Hot for teacher in Hong Kong

Associated Press Writer

Angela Yiu and Stella Cheng spent weeks meeting with fashion stylists and photographers before deciding on the miniskirts and high heels to wear in their promotion campaign.

They’re not models peddling perfume or sports cars. They’re English tutors who earn good money by helping secondary school students pass Hong Kong’s grueling exams to get into college.

“Their long legs are the most beautiful ones in the tutorial industry,” said Ken Ng, head of Modern Education, one of the city’s biggest tutoring businesses. “This is our selling point.”

Sex appeal has become a selling point -- just as important as teaching ability and knowledge -- in Hong Kong’s hypercompetitive world of cram schools, or bou zap se in the local Cantonese dialect.


Attractive teachers are marketed like movie stars. Schools show them off on billboards, full-page newspaper ads and TV screens in railway stations and on buses.

Some tutors have their own teams of stylists, fashion designers and photographers, Ng said. They also have websites, where potential students can see their photos, read their online journals and download video clips of “gag moments” in class.

It’s just the latest twist in the competition to grab the business of students caught up in Hong Kong’s make-or-break exam culture. Youngsters take two college exams during their seven years in secondary school and have to pass both to get into a university.

So hoards of students trek to after-school lectures at tutoring centers.


The Census and Statistics Department says a third of secondary school youngsters sought private tutoring in the 2004-05 school year, spending $18.9 million a month -- 25% more than five years earlier.

Industry pioneers like Modern Education and King’s Glory each have about 10 centers in the city that offer about 200 lessons a week.

All the companies boast of their ability to give youngsters an edge by predicting what questions will be asked in the exams, employing teams of full-time analysts who study patterns from previous tests.

With competition becoming fierce, the tutorial centers have increasingly focused on promoting their teachers as trendy icons.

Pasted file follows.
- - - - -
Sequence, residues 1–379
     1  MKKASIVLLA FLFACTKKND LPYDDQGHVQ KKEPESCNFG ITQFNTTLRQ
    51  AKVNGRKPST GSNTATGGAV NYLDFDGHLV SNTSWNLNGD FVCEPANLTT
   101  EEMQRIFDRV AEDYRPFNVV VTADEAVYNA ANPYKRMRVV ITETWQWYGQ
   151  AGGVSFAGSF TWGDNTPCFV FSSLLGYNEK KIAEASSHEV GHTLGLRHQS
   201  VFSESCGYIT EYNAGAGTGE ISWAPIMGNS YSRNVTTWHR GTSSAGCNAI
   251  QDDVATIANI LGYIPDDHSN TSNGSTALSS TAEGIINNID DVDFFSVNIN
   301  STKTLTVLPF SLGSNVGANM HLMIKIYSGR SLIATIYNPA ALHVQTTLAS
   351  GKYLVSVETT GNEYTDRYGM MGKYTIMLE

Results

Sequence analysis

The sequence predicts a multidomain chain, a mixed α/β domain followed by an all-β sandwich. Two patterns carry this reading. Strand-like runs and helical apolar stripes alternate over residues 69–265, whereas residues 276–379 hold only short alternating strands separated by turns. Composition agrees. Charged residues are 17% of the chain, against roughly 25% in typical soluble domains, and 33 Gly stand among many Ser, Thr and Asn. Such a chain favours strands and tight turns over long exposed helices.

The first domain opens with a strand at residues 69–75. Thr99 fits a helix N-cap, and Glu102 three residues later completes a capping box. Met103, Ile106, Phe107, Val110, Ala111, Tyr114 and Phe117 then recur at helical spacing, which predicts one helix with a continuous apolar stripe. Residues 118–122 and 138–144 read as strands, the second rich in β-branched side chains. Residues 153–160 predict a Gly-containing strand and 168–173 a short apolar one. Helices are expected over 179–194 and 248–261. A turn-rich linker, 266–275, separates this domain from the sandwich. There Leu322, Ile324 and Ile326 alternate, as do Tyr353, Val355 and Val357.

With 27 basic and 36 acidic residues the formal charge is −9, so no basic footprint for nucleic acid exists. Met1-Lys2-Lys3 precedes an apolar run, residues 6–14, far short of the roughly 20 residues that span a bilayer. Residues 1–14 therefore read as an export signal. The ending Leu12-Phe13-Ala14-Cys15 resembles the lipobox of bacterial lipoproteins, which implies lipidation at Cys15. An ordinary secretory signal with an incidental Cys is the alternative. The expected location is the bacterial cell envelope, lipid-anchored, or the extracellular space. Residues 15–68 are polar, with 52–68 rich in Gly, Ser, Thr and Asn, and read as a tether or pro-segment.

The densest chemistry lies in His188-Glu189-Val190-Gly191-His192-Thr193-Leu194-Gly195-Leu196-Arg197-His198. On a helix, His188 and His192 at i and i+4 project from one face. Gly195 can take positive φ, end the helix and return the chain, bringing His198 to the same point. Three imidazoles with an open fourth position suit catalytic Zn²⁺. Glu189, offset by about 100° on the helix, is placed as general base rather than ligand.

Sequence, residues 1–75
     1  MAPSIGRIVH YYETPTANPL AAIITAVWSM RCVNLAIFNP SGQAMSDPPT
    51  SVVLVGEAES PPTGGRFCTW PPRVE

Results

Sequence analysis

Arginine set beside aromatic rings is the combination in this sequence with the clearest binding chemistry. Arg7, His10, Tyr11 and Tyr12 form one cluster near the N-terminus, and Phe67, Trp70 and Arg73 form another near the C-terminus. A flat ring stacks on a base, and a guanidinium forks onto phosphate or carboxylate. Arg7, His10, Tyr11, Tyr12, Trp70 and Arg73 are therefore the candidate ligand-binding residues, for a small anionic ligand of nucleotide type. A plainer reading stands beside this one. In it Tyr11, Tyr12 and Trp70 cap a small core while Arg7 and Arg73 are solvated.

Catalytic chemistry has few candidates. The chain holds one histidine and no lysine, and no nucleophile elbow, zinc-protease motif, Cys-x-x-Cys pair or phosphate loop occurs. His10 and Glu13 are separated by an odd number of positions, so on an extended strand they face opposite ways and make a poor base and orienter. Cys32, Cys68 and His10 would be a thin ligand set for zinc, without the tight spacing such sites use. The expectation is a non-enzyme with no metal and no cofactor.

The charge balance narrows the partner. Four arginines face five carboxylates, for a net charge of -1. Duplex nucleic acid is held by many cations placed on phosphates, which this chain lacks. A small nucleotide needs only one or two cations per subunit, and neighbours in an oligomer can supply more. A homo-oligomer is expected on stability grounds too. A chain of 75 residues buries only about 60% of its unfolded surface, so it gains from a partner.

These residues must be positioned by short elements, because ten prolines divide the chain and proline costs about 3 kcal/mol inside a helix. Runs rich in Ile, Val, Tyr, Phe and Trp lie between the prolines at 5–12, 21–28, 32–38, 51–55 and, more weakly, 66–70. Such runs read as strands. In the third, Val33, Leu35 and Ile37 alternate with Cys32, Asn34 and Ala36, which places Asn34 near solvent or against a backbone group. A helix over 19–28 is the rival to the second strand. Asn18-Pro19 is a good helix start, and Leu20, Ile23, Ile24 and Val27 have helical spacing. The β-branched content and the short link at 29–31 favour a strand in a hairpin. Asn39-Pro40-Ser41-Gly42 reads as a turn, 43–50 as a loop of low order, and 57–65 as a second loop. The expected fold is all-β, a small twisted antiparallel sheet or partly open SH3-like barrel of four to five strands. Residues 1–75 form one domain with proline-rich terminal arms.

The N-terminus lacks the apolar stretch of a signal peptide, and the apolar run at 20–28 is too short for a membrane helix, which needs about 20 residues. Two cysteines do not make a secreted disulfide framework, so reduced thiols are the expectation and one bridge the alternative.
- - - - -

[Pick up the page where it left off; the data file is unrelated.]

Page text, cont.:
“When our rivals are equally good at predicting the exam questions, we need a new ground to outrun them,” Ng said. “And that is the tutor’s appearance.”

Last summer, Ng hired Yiu, who once won a modeling contest, to teach English with Cheng, who Ng described as “a gorgeous former lawyer.”

Yiu, who has a business degree, said, “Being a model is not a long-term career. I should plan for the future. I know my good appearance has a market.”

Indeed, tutoring can be one of the most profitable jobs in Hong Kong.


Elaine Chow, an advertising executive, said tutoring businesses were applying a “star-making” promotion technique in which tutors dressed fashionably and were given nicknames like the “Godfather of Science,” “Brand-A tutor” or the “Queen of English.”

“In the advertisements, going to tutorial centers is portrayed as a trendy after-school activity more than a chance to acquire knowledge,” she said. “This is a twisted tutoring market.”

Percy Kwok, a former education researcher at the Chinese University of Hong Kong who studied the private tutoring phenomenon in 2003, said tutorial centers closely tracked the consumption culture of youths in order to catch their attention.

“They may even expose tutors’ private lives if necessary,” he said.


He added that although tutorial centers had become highly commercialized, they provided useful techniques about exams, such as predicting question types. Regular schoolteachers don’t have comparable resources or the time to do that, he said.

Tutorial centers will continue, he said, “as long as university certificates and exam results are the best evidence to prove one’s competence and guarantee a stable income.”